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Help and advice for EU citizens in Scotland

All EU citizens living in Scotland must have immigration leave. The type of leave you need depends on:

  • when you started living in Scotland
  • why you’re living here

Irish citizens do not need immigration leave. 

EU Settlement Scheme (EUSS)

Late applications

You can still apply to the EUSS, if both of these apply:

  • you were living in the UK by the 31 December 2020
  • you think you have a good reason for applying late

Whether or not the UK Government will consider your application depends on your reason for applying late. Good reasons include, for example, you:

  • were under 18 years old at the time
  • had a serious medical condition
  • had care or support needs and were unaware of the requirement to apply

When you apply you need to explain why you’re applying late. The scheme is closed for anyone without a good reason for applying late.

You can check guidance on late applications on GOV.UK.

If you're still waiting on a decision

If you applied before 30 June 2021 and do not yet have a decision, your right to live, work and study will continue until the UK Government makes a decision.

If your application was successful

If your application was successful, you’ll have either:

  • settled status 
  • pre-settled status

If your application was refused

If you applied by 30 June 2021 and the UK Government refused your application they’ll explain their decision in a letter. 

The letter will also say if you can:

  • ask for an administrative review
  • appeal the decision 

Your right to live, work and study in Scotland will continue until you have a decision from any review or appeal.

EU citizens who came to live in Scotland from 1 January 2021

If you started to live in Scotland from 1 January 2021, you must apply through the UK Government's immigration rules to live, work and study here.

What type of immigration you apply for depends on why you’re in Scotland.  For example, it will vary depending on whether you’re:

  • working
  • studying 
  • joining a family member 

You can find more information on visa requirements on GOV.UK.

Immigration rules can be complicated and you may want to get legal advice. You can find an immigration advisor or lawyer at:

Scottish Government support for EU citizens

We have support to help EU citizens stay in Scotland. This includes: 

Citizens Advice Scotland

Citizens Advice Scotland run a free national helpline as part of their EU Citizens' Support Service.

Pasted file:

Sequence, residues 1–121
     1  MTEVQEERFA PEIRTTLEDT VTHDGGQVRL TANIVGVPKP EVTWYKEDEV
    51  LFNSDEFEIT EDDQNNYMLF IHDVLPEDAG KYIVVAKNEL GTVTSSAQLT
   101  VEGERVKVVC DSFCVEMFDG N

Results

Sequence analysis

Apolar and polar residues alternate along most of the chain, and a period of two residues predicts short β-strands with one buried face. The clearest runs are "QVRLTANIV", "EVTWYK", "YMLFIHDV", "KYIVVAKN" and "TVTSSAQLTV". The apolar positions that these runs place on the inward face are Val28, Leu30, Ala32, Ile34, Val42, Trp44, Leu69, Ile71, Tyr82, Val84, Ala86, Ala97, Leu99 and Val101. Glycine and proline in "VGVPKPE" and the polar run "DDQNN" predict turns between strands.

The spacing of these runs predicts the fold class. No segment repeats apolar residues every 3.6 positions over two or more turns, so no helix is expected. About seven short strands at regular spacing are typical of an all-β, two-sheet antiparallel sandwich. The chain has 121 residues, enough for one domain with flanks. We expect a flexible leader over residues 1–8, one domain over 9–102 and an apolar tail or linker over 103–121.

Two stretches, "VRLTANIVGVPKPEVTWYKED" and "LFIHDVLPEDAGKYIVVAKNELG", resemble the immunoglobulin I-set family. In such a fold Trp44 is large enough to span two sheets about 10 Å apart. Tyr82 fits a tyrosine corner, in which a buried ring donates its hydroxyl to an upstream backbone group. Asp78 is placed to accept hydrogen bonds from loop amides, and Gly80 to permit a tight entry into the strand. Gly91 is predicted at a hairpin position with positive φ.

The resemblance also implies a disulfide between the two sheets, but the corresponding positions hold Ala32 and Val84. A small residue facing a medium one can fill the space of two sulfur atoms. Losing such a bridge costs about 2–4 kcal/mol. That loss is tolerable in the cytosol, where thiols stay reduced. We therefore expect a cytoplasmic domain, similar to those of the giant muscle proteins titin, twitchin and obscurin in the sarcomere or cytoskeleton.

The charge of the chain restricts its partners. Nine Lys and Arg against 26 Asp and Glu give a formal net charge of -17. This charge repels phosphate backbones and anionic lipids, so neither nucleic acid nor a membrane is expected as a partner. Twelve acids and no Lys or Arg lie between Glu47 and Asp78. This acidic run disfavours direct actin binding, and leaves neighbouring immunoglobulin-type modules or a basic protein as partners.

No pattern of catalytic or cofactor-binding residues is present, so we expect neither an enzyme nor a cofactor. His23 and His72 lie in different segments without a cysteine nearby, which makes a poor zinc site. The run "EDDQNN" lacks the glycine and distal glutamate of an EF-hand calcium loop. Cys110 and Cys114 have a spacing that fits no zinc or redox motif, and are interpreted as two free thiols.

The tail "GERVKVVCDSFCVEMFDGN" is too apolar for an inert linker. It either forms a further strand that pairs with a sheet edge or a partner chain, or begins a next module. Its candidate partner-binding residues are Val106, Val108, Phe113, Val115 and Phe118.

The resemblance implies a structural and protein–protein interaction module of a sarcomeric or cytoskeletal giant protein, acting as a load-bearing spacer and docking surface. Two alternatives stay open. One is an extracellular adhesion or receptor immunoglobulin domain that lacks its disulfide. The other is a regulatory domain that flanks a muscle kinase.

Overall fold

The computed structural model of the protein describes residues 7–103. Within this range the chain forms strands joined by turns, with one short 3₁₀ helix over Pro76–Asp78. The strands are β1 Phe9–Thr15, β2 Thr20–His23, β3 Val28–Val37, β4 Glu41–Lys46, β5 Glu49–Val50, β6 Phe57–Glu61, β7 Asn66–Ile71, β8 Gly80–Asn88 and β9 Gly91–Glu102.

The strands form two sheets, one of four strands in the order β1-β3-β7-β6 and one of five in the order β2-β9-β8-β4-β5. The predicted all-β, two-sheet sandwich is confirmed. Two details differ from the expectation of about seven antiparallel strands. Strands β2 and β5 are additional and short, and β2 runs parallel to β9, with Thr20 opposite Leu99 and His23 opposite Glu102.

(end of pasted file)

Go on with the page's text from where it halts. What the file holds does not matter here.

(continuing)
Staff may be able to help you make a late application to the EUSS. 

You can get information, advice and support by phoning the helpline on 0800 916 9847. 

More information for EU citizens is available from the Citizens Advice Scotland.

Citizens' Rights Projects

The Citizens' Rights Project can give you information about EU citizens' rights. They run sessions in different languages. 

They have trained multilingual staff who can support EU citizens. They may be able to help you make a late application to the EU Settlement Scheme. 

Find information about Citizens' Rights Project events.

They have a team of trained, multilingual advisers that can support people with their EU Settlement Scheme applications.

Contact by text message, WhatsApp, or phone on 07518926137. 

Email: info@citizensrightsproject.org.

Employers

EU citizen employees must have immigration leave and the right to work. 

When employing someone for the first time, you should follow the Home Office right to work checks

If you employ someone and then after they start work their immigration status changes, you will have a ‘continuous statutory excuse’.  

The FindBusinessSupport.gov.scot site has the latest information and guidance to Scottish businesses with EU employees.

Protecting EU citizens’ rights: Independent Monitoring Authority

The Independent Monitoring Authority (IMA) protects the rights of citizens from the EU, Iceland, Liechtenstein and Norway in the UK. It does not cover Swiss citizens. 

The EU-UK Withdrawal Agreement sets out the rights of EU citizens who were living in the UK by 1 January 2020. The IMA helps to protect those rights. 

The IMA does not protect the rights of EU citizens who came to live in the UK after 1 January 2021. 

The IMA does 2 main things:

  • monitoring how UK public bodies are protecting EU citizens’ rights
  • promoting the effective implementation of citizens’ rights, such as helping public bodies to understand where things are going wrong so that they can put them right

You can report a complaint on the IMA website. 

More information

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